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Dark Hearts Americana: Nelson Algren

It’s 1933 and it’s Texas. There’s this guy from Chicago. He’s part Jewish and grew up in a Polish neighborhood. He works at a gas station. His name is Nelson Algren, but who cares? Nobody knows who that is yet. He just wrote his first short story and then stole a typewriter from an unlocked college classroom. He thinks he’s going to get away, back to Chicago, by train, but he gets turned around and taken back to that Texas town, where he’s tossed in jail for five months. The authorities want three years. For a typewriter? Probably has more to do with him being from out of state. A northerner. And a Jew. It’s Texas, after all. 

The 1955 adaptation of Algren’s 1949 novel The Man With the Golden Arm isn’t a great film, as adaptations go. It does have a mood and a grit unusual for that era, but it also has cheese and some playfulness that feels ill conceived. It is, though, the best movie Frank Sinatra ever appeared in, Sinatra thought so too. He played Frankie Machine, a World War II vet, an expert card dealer, an ex-junky, a jazz , drummer, an ex-con, and a husband to a wife he crippled in a car accident. She’s not really crippled though, just an act she concocted while he was in jail to keep him from leaving her, keep him under her thumb. It’s quite a story. The novel is complex and layered, set in a poverty stricken neighborhood in Chicago. Algren wrote about these people a lot. He was of them and remained of them, never rising above his raising even when he was fucking French philosopher/writer/feminist Simone de Beauvoir. Like Frankie Machine, Algren could wear many hats as an ex-con, WWII vet, novelist, journalist, and gambler. He won O Henry awards and hung around the fringes of the American Communist party. 

Though he was born in Detroit, lived for a time in Texas and Patterson NJ, and died in Long Island NY, Algren was pure Chicago. The Polish community he grew up in hated him for his novel Never Come Morning, as they widely believed he was a Nazi sympathizer and the novel anti-Polish, but that wasn’t true. He was a life long leftist whose only sympathies lay with the poor and downtrodden he had grown up with. They didn’t get that and never forgave him even after he was dead and gone. And the city boosters and politicians and maybe a few gangsters didn’t appreciate his truth telling in his non-fiction book Chicago, City on the Make, where he spilled the beans on the corruption and back door dealings that plagued his beloved city.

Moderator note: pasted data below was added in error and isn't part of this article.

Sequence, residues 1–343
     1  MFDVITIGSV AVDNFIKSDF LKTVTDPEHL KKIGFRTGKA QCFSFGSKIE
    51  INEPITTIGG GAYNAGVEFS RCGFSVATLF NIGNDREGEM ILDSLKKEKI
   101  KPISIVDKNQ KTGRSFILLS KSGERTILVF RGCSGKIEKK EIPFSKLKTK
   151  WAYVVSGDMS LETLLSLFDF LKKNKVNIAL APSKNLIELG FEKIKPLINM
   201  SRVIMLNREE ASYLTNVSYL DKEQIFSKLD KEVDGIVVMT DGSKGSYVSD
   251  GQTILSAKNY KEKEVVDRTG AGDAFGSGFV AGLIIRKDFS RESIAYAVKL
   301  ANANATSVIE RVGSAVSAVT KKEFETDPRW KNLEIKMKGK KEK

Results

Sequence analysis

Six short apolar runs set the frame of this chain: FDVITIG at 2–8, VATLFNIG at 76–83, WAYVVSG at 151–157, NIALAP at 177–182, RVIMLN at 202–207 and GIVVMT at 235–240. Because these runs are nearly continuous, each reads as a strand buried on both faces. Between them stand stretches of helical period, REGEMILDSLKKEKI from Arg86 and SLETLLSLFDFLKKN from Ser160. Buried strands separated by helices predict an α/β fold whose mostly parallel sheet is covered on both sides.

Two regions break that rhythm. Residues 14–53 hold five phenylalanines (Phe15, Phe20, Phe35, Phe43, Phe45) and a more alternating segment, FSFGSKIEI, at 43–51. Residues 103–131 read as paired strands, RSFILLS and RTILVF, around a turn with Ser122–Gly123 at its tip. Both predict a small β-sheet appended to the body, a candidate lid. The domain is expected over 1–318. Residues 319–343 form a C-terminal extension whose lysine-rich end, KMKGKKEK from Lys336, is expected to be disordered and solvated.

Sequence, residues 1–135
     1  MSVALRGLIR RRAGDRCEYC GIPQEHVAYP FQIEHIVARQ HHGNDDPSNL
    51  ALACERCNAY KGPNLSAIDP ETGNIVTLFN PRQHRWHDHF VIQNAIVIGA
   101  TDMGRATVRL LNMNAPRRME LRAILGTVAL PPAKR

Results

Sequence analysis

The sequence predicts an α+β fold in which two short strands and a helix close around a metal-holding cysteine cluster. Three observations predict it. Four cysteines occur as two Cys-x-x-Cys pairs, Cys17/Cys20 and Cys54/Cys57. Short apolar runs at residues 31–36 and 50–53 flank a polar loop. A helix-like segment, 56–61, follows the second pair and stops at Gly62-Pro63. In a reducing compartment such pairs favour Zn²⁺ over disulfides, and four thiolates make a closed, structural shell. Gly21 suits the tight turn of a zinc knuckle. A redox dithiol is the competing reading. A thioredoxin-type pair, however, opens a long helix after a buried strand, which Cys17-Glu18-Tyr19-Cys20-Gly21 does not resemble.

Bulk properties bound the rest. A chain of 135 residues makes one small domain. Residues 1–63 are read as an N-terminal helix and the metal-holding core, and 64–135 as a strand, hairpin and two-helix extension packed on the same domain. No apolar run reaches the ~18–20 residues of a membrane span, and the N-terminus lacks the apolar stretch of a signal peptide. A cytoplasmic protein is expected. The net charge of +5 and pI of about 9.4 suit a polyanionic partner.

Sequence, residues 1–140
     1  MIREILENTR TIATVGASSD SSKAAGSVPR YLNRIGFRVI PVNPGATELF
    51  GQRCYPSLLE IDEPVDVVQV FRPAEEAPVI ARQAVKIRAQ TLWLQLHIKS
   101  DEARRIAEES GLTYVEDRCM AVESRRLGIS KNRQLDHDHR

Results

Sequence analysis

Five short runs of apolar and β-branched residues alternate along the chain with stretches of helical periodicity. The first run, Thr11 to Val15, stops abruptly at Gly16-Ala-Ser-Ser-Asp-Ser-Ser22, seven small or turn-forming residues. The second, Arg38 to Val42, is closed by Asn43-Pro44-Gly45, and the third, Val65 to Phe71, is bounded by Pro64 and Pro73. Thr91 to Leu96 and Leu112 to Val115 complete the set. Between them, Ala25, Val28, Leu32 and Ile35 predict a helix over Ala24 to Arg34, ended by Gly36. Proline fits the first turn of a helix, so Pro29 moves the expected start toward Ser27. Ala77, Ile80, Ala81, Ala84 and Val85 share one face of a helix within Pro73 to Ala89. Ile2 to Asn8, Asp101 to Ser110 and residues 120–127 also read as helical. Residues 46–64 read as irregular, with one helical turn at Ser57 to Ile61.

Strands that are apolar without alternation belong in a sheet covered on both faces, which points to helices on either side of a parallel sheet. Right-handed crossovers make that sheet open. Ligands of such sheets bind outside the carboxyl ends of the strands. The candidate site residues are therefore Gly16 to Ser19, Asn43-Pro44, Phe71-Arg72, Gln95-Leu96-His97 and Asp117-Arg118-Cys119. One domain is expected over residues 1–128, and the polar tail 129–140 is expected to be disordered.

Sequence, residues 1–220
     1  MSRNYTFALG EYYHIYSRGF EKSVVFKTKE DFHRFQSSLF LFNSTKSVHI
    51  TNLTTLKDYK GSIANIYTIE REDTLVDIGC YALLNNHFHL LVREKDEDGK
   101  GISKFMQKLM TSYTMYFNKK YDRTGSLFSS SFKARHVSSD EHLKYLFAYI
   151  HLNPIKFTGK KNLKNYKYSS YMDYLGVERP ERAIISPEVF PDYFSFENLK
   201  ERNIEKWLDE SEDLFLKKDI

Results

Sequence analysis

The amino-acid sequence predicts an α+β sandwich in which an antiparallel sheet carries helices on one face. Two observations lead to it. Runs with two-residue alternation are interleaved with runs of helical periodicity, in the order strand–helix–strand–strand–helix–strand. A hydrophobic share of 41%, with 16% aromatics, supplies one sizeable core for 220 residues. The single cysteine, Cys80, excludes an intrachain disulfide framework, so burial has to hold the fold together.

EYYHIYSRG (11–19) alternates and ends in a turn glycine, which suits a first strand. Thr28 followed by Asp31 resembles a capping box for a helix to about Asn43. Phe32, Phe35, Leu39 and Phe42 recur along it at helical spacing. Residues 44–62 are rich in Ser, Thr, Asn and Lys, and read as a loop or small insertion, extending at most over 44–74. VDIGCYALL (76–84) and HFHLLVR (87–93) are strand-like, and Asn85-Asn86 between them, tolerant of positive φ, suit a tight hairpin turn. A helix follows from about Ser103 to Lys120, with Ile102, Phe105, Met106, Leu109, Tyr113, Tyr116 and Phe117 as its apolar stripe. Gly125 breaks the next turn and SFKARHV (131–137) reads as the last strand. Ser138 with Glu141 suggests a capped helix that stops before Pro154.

While he was alive he wrote two short story collections, Neon Wilderness and The Last Carousel, but he only wrote one other successful novel, A Walk on the Wild Side, about a simple Texas boy who travels to New Orleans and gets wrapped up in the world of pimps and whores. It’s an easier read than The Man With the Golden Arm or Never Come Morning, which are written in a deep Chicago accent. The tone of Wild Side was more languid, befitting its Southern locality. The Chicago books feel crowded and breathless (not a criticism), much like living in a big city. You feel how overcrowded the neighborhood is. People are angry, desperate, hungry, tired. Algren pre-dated the Beats, but he had a bop to his prose that Kerouac would later become known for. Wild Side kept the jazz, but brought it South, sweaty, slower, but more raucous, hell, even a little dirtier, certainly less up tight. They made a movie out of it too, but we don’t have to bother getting into that, even if John Fante wrote the screenplay. Lou Reed put the title to far better use with his ode to the real life cast of characters from Andy Warhol’s Factory in the song “Walk on the Wild Side.”